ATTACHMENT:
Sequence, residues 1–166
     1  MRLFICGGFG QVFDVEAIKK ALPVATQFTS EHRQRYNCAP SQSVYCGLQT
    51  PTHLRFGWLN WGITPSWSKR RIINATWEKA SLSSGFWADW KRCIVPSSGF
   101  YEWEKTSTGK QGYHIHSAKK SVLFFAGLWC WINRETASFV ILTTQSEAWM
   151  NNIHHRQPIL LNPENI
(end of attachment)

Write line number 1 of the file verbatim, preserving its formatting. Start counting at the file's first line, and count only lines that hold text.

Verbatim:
Sequence, residues 1–166